Sending items to Conservation

This article describes the process of sending an item in the library's holdings to the conservation lab.

Selecting items to enter into the conservation database

The Folger uses three ranking systems to prioritize items for conservation: value (monetary and scholarly), condition, and degree of work. Value and Condition are noted on the "Awaiting conservation" flag.

Value ranking (monetary and scholarly, with tongue-in-cheek phrasing):

  1. Treasure: it would be a scandal beyond the scholarly world if it disappeared
  2. High importance: it would be a scandal within the scholarly world if disappeared
  3. Important: it would be a real shame if it disappeared, but wouldn't make headlines anywhere
  4. Less important: we could get a replacement or equivalent if it disappeared
  5. Least important: we could easily get a replacement or equivalent, but probably wouldn't bother

Condition ranking:

  1. Very high: rapid deterioration and/or cannot be shelved without intervention
  2. High: cannot be given out, but could go back to the shelf without sustaining further damage
  3. Medium: can be given out with permission of curator
  4. Low: can be given out, but handle with extra care
  5. Very low: stable, can be given out as usual

Degree of work:

  • Major work (more than 14 hours)
  • Intermediate B (5 to 14 hours)
  • Intermediate A (1 to 5 hours)
  • Minor work (less than 1 hour)

Bound volumes that are rarely used, do not pose an immediate threat to themselves or others, and are available in surrogate form, are candidates for phase boxing rather than conservation. This slows the rate of deterioration without taking the time of a full treatment. If demand for a phase boxed item suddenly increases, curators can place the item near the beginning of the conservation queue (conservation on demand).

Entering rare material into the conservation database

Curators create records for all items that will eventually enter the Conservation Lab. Exception: For exhibition items, curators proof (with item in hand) exhibition coordinator’s entry and add additional information if necessary.

n.b. If a call number is established after the creation of the record, the curator needs to revise the conservation database record to reflect both the accession number and the call number.

If a new accession requires treatment, curators should create a record and then contact the lab for a consult. The conservators and curators decide whether treatment needs to happen before or after cataloging, and the conservators make the appropriate selection in the drop-down menus for “degree of work” and “proposed treatment” Once the record is created, curators reshelve the item with an “AWAITING CONSERVATION” flag, which includes the shelfmark and the conservation database record ID number. If the item cannot be reshelved because of its fragility, it is shelved in the manuscript map case (manuscript and most art material) or the book conservation shelf (aisle xxx), with the location clearly marked on the yellow call slip. For more information on "Awaiting Conservation" flags and other flags used in Central Library, see Central Library flags.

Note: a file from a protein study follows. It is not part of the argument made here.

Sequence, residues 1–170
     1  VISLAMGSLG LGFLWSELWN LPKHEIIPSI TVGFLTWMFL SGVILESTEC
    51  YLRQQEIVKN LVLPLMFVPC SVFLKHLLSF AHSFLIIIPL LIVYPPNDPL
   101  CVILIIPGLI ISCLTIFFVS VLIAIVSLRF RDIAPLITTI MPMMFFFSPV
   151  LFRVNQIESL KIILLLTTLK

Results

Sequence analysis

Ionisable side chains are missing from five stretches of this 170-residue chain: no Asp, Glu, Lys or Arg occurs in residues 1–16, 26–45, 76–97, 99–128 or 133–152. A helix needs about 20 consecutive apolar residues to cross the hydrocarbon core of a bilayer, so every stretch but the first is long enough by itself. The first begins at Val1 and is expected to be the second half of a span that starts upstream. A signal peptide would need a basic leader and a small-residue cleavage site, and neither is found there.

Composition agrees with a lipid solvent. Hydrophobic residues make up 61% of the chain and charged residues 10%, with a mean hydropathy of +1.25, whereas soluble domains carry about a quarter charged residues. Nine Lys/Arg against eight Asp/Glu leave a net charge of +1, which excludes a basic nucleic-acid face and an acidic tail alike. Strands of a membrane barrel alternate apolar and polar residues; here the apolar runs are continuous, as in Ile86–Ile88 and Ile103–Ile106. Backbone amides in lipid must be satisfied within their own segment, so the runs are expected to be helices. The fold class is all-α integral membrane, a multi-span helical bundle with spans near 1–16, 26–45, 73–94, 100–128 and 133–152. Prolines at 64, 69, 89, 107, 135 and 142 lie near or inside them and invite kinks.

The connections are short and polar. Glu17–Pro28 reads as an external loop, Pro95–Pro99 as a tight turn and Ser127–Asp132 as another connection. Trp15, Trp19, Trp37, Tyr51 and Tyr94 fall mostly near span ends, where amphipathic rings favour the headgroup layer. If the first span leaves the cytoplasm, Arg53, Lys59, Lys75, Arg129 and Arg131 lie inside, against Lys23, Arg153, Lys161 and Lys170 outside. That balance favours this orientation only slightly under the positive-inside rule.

Deciding order of work

Conservators and curators should meet at least twice a year (first week of October and April) to discuss future treatments and to prioritize items near the top of the conservation queue. The assistant head of conservation initiates these meetings as necessary, depending on the workflow in the lab. Curators should bring shortlists of priority work to these meetings and be prepared to suggest groups of items requiring similar treatments (leaf-casting, paper mends, iron gall ink corrosion) for batch treatments if requested. If a certain type of treatment or format is needed outside of these meetings, the assistant head of conservation should contact the appropriate curator for ideas, or make suggestions based on a search of the conservation database.

Sending rare material to the conservation lab

When an item is brought to the lab by a curator, it should be accompanied by a printout of the conservation database record. The curator is responsible for signing out the item and filing the yellow carbon in the Reading Room corral. The assistant head of conservation checks in each item and assigns it to the relevant conservator.

While an item is in the conservation lab

Conservators, curators, and Reading Room staff (via a guest view of the web version) can view a list of all items in the lab, sorted by call number under each conservator’s name, by consulting the “What’s in the lab” view in the conservation database.

Before treatment begins

Conservators should email the relevant curator when a treatment plan is available for viewing in the database. Curators should respond immediately, either agreeing to the treatment, or with questions.

Sending rare material back from the conservation lab

When a conserved item is returned to the Reading Room, the conservator sends the initialled and dated database record to the respective curator. After the item has been reshelved, the curator checks the treatment, initials and dates the copy of the record (adding comments if necessary), and returns it to the lab.

If the item's Hamnet description needs to be updated after treatment

Send e-mail to Erin Blake detailing what needs to be updated (use the "Cat. Review" field in the ConsDB record as a reminder).